We had some bad news on the cardboard canoe front. The boat had collapsed under its own weight. In my opinion, the real canoe was taken out of the cardboard one a little too soon. When the drywall tape was added to one side, the combination of the weight of the tape and glue, and the wetness of the glue conspired to doom the boat.

They kayak was still in great shape though. Unfortunately, I don’t think there would be time to let the kids make 12 runs in the kayak. Also, the chances of everyone doing well in the race are greatly improved by mixing strong paddlers with weaker ones. So we really needed the canoe.

On Thursday evening, I stopped by the church and picked up a trunk load of large sheets of cardboard. I moved my car out of the garage and spent three or four hours making an emergency backup canoe. Since there was no one for me to argue with, it went along pretty well. I spent three more hours on it Saturday night (I was in the garage until midnight), and this morning I added a little more cardboard to it, heaved it onto the top of my car and brought it to our Pathfinder meeting.

It was unanimous that we use the replacement version. It would have taken way more work to salvage the original one.

The goal for the day was to get both boats ready to paint. Our meetings usually run from 1:00-4:00pm, but I knew we’d need more than that to get the boats into paintable condition. So I invited the kids to stay after and work on the boats until they were ready. One of the staff members bought pizza, and almost everyone stayed until after 7:00pm.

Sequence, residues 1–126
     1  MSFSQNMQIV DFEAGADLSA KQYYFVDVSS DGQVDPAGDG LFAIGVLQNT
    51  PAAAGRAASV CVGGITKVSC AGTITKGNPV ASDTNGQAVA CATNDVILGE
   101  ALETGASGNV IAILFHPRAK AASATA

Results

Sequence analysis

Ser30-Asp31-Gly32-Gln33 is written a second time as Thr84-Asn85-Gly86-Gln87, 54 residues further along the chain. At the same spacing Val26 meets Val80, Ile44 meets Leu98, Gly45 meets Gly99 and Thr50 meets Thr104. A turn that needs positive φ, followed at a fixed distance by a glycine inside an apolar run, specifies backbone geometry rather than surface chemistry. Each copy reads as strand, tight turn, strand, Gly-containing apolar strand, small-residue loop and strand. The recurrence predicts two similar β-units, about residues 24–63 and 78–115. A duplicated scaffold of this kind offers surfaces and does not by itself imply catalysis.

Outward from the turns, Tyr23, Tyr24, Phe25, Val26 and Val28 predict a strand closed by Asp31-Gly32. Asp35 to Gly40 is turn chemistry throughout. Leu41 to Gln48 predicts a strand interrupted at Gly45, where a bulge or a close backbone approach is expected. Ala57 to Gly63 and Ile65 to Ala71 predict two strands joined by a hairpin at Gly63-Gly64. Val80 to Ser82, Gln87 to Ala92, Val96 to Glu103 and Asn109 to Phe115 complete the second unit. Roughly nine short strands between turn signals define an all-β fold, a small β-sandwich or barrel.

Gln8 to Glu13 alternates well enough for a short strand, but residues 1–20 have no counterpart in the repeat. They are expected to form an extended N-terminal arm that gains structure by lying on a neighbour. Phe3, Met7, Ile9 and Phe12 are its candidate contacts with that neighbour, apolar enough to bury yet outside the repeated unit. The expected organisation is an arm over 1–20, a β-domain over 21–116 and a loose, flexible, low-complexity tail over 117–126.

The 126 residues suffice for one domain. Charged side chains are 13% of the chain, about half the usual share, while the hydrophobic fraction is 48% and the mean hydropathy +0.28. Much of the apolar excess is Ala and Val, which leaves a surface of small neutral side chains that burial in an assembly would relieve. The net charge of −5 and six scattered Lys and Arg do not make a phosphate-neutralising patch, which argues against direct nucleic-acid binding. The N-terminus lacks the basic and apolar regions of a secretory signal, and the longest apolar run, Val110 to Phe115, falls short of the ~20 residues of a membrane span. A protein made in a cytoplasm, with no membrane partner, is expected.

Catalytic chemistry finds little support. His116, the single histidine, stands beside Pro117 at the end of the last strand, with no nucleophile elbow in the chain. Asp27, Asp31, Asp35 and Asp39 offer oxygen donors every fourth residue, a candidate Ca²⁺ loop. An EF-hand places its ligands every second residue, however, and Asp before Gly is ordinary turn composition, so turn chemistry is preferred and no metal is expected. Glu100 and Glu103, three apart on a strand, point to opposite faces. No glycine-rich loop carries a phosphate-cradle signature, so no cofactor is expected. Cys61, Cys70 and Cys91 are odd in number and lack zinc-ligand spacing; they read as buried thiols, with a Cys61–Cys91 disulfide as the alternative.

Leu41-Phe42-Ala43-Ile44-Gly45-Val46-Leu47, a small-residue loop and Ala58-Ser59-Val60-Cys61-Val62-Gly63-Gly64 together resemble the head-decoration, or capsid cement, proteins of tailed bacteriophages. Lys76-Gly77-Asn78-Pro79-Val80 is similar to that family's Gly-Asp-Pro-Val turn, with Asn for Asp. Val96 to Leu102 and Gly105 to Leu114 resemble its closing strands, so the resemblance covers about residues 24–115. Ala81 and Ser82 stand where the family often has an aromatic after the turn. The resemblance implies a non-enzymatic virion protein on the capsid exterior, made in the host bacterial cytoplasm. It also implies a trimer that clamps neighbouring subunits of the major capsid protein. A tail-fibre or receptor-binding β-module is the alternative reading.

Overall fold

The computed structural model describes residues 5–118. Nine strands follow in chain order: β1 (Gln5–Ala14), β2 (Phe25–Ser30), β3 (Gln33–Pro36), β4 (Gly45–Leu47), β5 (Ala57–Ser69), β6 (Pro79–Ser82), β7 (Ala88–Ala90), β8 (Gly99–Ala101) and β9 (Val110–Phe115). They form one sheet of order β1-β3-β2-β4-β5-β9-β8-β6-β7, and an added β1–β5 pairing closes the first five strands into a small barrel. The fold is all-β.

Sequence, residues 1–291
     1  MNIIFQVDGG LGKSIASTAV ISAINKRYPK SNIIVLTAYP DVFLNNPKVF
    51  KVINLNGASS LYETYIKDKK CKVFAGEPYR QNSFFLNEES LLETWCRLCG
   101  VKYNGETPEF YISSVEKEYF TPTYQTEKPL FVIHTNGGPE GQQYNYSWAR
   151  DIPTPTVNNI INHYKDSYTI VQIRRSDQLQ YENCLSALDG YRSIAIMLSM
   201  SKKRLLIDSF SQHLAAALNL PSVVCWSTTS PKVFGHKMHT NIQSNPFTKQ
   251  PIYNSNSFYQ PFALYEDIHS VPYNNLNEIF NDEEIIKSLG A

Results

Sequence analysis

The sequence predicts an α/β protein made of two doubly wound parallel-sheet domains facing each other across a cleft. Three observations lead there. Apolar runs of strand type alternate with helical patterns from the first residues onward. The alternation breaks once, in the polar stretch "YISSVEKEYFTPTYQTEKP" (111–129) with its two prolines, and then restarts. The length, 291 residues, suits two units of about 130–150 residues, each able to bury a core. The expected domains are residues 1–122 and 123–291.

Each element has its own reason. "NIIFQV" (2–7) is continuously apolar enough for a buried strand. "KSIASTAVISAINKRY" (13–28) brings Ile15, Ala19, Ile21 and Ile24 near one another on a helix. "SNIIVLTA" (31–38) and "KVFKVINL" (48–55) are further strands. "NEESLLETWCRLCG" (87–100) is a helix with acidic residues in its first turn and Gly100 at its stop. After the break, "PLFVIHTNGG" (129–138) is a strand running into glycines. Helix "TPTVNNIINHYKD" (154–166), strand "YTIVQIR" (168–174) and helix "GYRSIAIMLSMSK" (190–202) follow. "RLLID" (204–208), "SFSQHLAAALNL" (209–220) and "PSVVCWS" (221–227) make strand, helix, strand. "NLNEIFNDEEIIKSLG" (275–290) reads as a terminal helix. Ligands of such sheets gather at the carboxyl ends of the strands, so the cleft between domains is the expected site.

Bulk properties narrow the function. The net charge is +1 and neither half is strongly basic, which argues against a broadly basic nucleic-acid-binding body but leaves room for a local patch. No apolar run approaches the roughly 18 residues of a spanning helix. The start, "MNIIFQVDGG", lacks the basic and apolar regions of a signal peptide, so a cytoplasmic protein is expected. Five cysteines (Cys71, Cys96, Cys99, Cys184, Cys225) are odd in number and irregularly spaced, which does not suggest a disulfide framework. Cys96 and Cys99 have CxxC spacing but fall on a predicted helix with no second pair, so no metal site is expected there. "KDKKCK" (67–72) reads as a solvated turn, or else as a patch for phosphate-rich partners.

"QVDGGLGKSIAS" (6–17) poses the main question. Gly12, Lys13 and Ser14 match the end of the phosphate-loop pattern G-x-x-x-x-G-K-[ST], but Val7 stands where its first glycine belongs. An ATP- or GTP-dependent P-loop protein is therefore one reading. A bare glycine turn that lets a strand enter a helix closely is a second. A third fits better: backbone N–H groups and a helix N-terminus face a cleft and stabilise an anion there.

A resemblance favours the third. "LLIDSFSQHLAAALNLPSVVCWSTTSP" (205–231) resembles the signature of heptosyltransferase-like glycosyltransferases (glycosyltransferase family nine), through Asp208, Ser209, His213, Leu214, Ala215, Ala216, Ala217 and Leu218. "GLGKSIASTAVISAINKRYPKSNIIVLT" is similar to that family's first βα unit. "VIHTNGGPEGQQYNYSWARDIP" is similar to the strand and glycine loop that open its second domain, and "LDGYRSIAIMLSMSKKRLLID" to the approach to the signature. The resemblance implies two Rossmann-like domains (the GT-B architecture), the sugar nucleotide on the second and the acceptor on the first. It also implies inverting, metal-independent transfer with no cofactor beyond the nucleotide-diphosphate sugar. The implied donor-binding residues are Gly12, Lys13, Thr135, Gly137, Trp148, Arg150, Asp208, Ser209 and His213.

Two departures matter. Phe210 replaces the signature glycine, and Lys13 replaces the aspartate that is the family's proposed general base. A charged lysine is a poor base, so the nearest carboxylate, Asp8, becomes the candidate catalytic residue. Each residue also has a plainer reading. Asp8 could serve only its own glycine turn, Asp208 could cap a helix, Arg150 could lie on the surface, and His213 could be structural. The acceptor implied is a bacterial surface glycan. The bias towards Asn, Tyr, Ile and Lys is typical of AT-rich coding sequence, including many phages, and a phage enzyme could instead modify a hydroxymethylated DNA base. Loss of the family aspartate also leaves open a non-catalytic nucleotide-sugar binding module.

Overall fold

During the meeting I had the kids glue non-corrugated cardboard over the seams of the corrugated cardboard. The idea there is to keep the water out of the seams. If it gets in, the boat will become a sponge and its time afloat will be severely limited. They did a mostly good job. After we paint it (and the paint dries), we will add some duct tape to the places they missed.

We also cut the floor out of the failed canoe and glued it into the floor of the replacement. There’s a photo in the slide show with a bunch of the kids (and Warran) standing in the canoe to press the new floor down. Once they got out, we loaded the boat down with paint cans. Otherwise, they’d have had to spend the night in that canoe.

Another thing you’ll see in the slide show are the kids cutting out “C” shaped forms. These will be glued together in a stack and placed in the kayak to form a seat. That will do two things. It will keep their butts out of the drink, and it will provide something substantial they can put all their weight on when they get in the boat. If they put their weight on the thin(ish) cardboard walls, they might collapse. But with these bulkheads, there is absolutely no danger of that happening.

We will paint them on Tuesday evening. Then on Friday we will haul them to Maine for the competition. When we paint them, we will name them. Whoever shows up for that part of the project will get the privilege of voting on a name. The one I like best so far is “KAYAK” backwards. Ha ha – since it’s a palindrome. To make it clear that it’s backwards, we will write the K’s backwards. Well, we’ll also write the A’s and the Y backwards, but it will be harder to tell we’ve done that. ;-)

I am well pleased with both of our boats. I’m thinking that we will have the two fastest boats. In 2009 our cardboard canoe tied for the fastest time, and our canoe entry this year looks at least as good as that one did if not better. I’m convinced that given a competent paddler (and we have several), the kayak will beat the canoe. The kayak it was molded on runs circles around the canoe, so if that translates (and I think it will) we should have a winner. I’ll be sure to let you know after the race (win or lose).

This has been an exhausting weekend. I’m surprised I’m still awake!

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